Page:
We're still in the midst of the "shopping" story portion of the Sask trip home. According to de Certeau, shopping is one of the every day activities through which consumers express their independent paths through state spaces. Of course, it also demonstrates that we're all stuck in state spaces. For today's act of shopping, I went to buy a ball glove. Long, long story short, and 16km later, I've got a ball glove. Despite everything I've said about my baseballian aptitude, I still maintain it's an investment in the future. I'll probably play again at some point, right?
The reason I bring this up now (besides the fact that it happened about three hours ago) is that, in a sense, part of the value people associate with things is how difficult they were to come by--although it's not a straightforward relationship. If it takes you a few seconds find a prized item you've been searching for, all fine and good, but a truly epic hunting makes a much better story. And if the trip to the local grocery store to buy milk takes several hours because you forgot to wear socks, you may get a good story out of it, but you're not going to feel too happy about that milk afterwards. This glove took the better half of a day and a very long bike trip, so it was slightly more difficult than I expected. Will that translate into a greater appreciation of it? Well, no; in the case of something like a ball glove, the difficulty of procurement in terms of calculating overall value is overshadowed by utility: if it works well in the ball game on Friday, that's much more important than any other measure I can think of.
Still with me? Good. The third part of my shopping trip on Thursday, June 5th, was to buy a book for my middle brother as a belated birthday present. How does gift giving fit into the discussion above? Well, the story of how you got the gift is largely unimportant; if you tell it, you run the risk of making it more about yourself than about the person you're giving it to, which slants the gift-giving towards personal indulgence over actual giving. (And yes, I realise that that's exactly what I'm doing now.) A wise man once noted the other peril in giving a book:"buying a book as a gift can become an overthinker's nightmare--you have to consider not only what the intended receiver means to you, but what you mean to them, what the book means to you, and what the book will potentially mean to them." Well, I said that. Right here. Still true though. So, as far as shopping for gifts go, you're in a double-bind. On the one hand, you want to limit the amount of time spent getting the gift as much as possible. But on the other hand, you want something that is meaningful and expressive. My brother asked specifically for a book because he wanted something to read during his big cross-country trip at the end of the month, and, supposedly, I know books.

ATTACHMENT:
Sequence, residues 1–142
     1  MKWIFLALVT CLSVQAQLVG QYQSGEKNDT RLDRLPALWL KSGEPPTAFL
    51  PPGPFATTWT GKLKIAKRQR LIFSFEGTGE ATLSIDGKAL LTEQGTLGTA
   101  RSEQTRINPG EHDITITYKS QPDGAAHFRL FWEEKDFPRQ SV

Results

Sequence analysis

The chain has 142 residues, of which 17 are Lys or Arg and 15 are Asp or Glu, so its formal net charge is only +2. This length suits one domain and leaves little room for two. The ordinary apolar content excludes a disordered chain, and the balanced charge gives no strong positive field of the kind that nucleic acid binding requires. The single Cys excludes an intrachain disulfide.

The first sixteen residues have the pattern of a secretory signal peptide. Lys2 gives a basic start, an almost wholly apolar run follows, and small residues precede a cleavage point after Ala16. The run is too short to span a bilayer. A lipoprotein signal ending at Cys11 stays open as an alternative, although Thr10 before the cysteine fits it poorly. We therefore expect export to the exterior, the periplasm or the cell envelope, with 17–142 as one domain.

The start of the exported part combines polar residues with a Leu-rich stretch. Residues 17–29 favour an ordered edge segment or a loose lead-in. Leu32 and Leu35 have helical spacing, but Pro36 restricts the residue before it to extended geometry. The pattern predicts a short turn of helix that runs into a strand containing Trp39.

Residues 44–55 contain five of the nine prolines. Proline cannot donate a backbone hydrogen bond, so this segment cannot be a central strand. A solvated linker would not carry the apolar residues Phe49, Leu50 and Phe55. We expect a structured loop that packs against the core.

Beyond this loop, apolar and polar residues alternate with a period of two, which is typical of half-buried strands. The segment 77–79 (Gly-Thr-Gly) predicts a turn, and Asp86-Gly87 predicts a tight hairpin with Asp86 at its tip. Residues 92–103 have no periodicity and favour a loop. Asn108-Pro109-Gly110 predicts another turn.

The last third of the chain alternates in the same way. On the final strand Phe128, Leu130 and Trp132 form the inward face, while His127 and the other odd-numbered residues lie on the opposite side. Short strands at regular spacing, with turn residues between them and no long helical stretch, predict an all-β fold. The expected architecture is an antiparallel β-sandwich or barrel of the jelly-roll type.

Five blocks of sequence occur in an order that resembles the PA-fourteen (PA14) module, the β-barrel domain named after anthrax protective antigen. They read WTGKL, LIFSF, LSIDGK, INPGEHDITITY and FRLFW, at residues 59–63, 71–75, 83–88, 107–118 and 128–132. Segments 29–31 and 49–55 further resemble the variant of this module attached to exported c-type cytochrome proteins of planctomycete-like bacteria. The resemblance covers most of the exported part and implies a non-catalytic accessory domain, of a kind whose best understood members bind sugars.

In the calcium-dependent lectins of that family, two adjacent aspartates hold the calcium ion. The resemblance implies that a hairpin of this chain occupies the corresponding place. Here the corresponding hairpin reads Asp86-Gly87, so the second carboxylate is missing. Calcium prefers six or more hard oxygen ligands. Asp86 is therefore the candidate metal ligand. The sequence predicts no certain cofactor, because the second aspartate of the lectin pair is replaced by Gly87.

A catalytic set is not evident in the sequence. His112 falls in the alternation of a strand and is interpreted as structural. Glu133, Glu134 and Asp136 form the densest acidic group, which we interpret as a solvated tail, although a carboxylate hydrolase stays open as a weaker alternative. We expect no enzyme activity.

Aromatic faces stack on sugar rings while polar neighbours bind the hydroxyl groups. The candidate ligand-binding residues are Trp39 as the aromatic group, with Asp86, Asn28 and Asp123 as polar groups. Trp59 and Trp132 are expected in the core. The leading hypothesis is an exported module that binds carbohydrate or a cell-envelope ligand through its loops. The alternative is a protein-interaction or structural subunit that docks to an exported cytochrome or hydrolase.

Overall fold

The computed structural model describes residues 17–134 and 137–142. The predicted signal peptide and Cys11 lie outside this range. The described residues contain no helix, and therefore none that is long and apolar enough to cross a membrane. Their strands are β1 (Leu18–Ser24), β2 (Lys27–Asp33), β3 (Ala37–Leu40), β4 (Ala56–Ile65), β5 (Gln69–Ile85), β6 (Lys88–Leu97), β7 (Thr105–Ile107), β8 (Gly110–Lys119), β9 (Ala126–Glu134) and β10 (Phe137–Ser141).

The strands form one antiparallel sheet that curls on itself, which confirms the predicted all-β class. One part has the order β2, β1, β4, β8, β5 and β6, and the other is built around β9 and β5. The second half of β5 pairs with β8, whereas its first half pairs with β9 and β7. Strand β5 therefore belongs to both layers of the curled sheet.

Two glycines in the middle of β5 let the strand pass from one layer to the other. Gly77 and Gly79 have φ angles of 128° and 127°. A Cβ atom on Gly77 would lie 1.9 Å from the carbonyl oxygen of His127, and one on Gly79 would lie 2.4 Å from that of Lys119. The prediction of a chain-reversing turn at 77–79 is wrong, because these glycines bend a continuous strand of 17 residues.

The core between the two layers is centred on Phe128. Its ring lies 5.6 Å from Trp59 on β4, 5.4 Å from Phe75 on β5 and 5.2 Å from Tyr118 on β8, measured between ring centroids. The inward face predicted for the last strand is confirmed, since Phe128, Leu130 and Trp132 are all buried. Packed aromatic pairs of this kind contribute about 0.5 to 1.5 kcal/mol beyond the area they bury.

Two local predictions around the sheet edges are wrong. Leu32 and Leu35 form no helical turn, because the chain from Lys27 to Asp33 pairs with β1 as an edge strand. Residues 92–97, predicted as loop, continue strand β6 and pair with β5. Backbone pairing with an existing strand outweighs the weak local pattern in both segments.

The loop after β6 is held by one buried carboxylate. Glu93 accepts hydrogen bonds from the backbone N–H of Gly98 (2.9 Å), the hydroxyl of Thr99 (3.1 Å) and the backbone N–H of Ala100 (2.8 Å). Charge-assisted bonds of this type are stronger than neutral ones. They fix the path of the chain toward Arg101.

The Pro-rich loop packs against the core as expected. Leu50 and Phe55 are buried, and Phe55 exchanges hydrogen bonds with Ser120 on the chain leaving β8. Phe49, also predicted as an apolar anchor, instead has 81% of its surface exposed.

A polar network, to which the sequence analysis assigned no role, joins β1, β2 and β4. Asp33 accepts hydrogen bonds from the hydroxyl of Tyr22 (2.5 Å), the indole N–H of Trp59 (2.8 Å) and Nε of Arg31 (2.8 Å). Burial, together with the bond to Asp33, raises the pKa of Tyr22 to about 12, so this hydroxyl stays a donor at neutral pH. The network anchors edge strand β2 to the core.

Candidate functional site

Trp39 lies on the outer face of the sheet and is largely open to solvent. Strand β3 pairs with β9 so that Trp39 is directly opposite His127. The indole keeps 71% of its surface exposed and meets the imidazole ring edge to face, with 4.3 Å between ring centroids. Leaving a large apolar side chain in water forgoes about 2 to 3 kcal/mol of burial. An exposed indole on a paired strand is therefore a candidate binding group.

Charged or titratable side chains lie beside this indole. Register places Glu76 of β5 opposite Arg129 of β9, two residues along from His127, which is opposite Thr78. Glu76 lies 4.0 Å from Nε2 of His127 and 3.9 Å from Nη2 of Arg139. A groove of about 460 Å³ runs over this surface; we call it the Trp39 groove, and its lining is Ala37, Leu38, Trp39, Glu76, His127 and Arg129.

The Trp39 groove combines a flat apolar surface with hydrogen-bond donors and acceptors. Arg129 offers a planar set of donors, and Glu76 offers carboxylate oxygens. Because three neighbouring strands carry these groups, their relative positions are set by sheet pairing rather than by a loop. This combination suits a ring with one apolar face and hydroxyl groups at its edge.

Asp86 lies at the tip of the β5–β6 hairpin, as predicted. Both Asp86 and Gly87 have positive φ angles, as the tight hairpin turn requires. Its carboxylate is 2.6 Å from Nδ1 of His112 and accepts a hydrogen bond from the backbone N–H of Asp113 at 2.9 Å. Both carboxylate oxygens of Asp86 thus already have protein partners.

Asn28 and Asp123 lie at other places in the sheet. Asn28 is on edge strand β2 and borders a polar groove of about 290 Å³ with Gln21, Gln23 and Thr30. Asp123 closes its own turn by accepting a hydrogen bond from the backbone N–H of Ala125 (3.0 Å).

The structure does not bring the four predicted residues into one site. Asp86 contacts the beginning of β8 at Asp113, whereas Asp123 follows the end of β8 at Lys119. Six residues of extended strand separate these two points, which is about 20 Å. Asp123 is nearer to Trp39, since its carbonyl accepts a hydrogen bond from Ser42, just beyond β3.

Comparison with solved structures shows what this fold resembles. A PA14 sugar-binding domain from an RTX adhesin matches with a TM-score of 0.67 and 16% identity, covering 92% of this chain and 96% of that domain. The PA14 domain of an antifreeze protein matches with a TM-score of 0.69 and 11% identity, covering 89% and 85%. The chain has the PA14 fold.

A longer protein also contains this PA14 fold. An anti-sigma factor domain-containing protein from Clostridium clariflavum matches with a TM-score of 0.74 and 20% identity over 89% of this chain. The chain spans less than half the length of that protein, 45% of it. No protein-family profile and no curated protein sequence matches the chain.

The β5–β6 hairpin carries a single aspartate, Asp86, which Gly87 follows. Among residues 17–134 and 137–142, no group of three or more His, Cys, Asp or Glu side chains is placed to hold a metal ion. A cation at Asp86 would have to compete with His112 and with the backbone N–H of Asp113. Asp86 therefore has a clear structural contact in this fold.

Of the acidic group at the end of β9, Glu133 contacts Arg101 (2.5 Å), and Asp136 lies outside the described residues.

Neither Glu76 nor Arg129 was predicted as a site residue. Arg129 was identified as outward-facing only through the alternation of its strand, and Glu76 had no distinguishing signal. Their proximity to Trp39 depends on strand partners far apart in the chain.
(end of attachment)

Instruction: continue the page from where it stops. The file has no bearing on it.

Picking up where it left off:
My first choice was George Packer's "Village of Waiting." It came up in my postcolonial class; essentially, it's Packer's account of his time in Togo in the 80s, working as an English teacher for an African school. I thought (and still think) my brother would like it; it's thought-provoking, humorous, and just contentious enough that you can have fun picking apart Packer's arguments. But I couldn't give him my copy, since I needed it for the class, and assumed I could easily find a copy in Someplace Else.
I assumed wrong.
My other brother and I searched two separate bookstores, and came up blank. So we searched for a new book. I wanted something nonfiction and with a political edge. Of course, since I don't read a lot of that type, it was hard sluffing. We finally found a book (or at least my little brother did) called... I honestly don't remember. I remember it was hardcover, which I approved of, since it made it closer to the amount I spent on the younger brother's last birthday present, and that it was signed, which the middle brother would approve of, since it meant the book had value beyond being, you know, a book. So, with absolutely no ceremony, I handed him the book. He thanked me, but not without a wince that he quickly covered up. It was at that point that it hit me. Someone going on a long cross-country trip was looking for one primary factor in a book: that it didn't take up a lot of space. So the hardcover? Bad choice.
Moral: Gift-giving is best left to professionals.
This turned out to be much longer than I thought. There's probably a metaphor to be drawn between the post and the discussion regarding ease in shopping, but I'll let you decide whether it's worth the effort to retrieve it.
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